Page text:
View all articles

Feature: 3 Things You’ve Got To Know About Rolex

If you’ve been wondering who our finalist is for most popular watchmaker in our In Focus series, wonder no more. If, like everyone else, you’d already seen a mile off that it was Rolex, well, yes, it’s Rolex. Audemars Piguet may have reinvented watchmaking for a new era, but it is without a doubt the watchmaking powerhouse that is Rolex that carried it through. If you want even more Rolex content, you’re in the right place—we’ll be posting a host of other Rolex articles right here on So, on to Rolex—here’s what you didn’t know about the five-pointed crown.

You Can Tell A Lot About A Rolex By Its Crown (Not That One)

Like a fingerprint, every Rolex watch has a few little identifiers that tell you a little something about it. There’s the serial number of course, which used to be sequential, now just a string of random letters and numbers that stop customers knowing if a watch has sat around in the jeweller’s window. Not too much of a concern these days, I’m sure you’ll agree.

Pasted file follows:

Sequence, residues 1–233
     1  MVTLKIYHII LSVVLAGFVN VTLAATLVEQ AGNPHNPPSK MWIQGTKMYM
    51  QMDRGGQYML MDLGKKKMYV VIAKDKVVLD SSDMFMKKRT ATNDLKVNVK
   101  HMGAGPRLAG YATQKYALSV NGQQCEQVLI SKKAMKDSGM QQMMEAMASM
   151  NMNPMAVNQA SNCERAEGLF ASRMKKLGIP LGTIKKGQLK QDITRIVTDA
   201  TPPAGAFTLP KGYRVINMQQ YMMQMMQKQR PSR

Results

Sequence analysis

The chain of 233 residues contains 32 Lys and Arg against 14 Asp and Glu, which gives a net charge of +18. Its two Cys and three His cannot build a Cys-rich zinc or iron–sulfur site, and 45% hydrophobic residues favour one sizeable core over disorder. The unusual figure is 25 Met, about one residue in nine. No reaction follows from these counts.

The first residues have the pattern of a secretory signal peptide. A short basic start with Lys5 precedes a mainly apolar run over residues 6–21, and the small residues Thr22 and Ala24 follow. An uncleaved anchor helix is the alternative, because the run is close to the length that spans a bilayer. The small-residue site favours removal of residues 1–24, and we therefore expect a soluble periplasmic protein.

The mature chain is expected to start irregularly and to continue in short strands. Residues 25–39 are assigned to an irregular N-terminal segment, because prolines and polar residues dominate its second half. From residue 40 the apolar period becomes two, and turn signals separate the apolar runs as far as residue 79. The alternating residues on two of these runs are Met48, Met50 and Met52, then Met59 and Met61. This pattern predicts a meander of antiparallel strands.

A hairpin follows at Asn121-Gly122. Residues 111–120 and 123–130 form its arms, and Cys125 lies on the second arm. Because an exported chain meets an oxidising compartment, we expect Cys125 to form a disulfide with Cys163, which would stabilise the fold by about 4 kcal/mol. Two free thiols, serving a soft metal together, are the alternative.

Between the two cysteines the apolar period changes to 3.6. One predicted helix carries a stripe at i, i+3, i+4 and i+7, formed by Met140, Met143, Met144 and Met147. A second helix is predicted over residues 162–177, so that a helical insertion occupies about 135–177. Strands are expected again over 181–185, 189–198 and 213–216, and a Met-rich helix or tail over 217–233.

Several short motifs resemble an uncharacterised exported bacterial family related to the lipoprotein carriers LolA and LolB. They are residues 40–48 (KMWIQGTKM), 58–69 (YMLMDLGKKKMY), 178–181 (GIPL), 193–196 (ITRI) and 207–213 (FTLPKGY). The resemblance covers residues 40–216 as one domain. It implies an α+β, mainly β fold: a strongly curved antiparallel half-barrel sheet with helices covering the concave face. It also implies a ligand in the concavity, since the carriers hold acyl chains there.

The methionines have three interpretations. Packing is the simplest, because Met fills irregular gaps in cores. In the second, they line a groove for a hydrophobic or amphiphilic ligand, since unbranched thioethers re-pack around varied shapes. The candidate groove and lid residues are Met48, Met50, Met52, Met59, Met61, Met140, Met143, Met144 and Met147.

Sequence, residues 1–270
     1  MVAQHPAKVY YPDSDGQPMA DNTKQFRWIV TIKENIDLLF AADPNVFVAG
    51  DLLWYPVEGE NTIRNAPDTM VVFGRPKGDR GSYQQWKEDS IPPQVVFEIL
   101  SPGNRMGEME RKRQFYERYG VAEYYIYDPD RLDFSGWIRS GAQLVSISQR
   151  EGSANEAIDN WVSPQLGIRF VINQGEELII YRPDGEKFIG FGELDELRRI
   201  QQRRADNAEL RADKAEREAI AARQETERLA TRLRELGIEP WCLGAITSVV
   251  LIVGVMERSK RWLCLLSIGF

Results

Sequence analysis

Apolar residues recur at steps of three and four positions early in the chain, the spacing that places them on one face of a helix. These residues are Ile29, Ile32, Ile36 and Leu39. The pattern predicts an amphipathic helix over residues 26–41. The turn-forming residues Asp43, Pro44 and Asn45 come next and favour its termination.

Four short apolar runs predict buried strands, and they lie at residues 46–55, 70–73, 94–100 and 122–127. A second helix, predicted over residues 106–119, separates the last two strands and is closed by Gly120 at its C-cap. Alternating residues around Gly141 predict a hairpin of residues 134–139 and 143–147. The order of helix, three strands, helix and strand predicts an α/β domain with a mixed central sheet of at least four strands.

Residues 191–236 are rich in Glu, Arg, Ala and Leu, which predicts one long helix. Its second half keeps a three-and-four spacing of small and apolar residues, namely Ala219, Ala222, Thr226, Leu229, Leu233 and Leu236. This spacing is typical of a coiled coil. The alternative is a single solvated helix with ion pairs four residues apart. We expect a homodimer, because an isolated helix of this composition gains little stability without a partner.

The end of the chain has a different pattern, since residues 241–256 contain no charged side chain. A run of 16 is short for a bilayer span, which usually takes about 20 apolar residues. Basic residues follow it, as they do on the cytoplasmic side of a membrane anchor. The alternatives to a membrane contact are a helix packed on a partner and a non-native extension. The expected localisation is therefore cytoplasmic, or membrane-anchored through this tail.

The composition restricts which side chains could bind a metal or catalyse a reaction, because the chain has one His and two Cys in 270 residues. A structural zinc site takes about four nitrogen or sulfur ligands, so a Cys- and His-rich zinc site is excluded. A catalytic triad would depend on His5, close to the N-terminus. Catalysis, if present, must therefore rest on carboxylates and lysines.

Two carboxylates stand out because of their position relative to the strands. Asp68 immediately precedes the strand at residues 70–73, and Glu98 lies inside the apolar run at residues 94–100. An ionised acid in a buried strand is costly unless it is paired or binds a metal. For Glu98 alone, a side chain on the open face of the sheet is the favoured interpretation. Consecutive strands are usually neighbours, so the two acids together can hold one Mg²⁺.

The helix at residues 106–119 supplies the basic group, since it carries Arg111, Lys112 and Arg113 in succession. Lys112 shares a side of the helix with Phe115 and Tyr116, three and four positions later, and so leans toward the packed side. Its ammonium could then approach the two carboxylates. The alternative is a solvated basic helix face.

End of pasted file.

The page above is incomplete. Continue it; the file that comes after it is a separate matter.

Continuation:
But that’s not the only marker Rolex has left on its watches. Like Omega’s logo marked on its Hesalite-equipped Speedmasters, Rolex has taken to engraving a little Rolex crown in its crystals. It is in effect a miniaturised version of those extremely tasteful laser-etched glass ornaments you see for sale in the mall, barely visible and there more for Rolex than for you.

This little crown logo first started appearing in the new millennium, with the exception of the green glass Milgauss, which does without. It’s not a solid etching; it’s made up of lots of small dots that trace the outline of the famous crown logo. The purpose of this almost invisible marking? It’s a symbol of authenticity, too tricky for the counterfeiters to accurately replicate—although not for want of trying.